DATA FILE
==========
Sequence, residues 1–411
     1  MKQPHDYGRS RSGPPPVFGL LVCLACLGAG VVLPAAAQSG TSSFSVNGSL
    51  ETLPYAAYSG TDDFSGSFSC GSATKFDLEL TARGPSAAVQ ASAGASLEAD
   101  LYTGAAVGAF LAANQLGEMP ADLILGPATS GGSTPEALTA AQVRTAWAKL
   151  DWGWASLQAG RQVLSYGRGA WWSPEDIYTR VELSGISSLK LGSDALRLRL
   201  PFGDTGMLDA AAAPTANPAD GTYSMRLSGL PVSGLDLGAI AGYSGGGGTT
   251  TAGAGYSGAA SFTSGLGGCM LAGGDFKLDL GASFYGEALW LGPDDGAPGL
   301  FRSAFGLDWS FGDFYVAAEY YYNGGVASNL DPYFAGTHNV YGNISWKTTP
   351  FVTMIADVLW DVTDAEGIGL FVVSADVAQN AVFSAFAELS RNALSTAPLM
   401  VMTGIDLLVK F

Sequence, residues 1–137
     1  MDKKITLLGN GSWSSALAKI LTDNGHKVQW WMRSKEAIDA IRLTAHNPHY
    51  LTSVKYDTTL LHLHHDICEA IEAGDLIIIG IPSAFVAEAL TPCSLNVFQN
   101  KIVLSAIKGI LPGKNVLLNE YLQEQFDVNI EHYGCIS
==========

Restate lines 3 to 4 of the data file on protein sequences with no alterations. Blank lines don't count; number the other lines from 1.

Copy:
    51  ETLPYAAYSG TDDFSGSFSC GSATKFDLEL TARGPSAAVQ ASAGASLEAD
   101  LYTGAAVGAF LAANQLGEMP ADLILGPATS GGSTPEALTA AQVRTAWAKL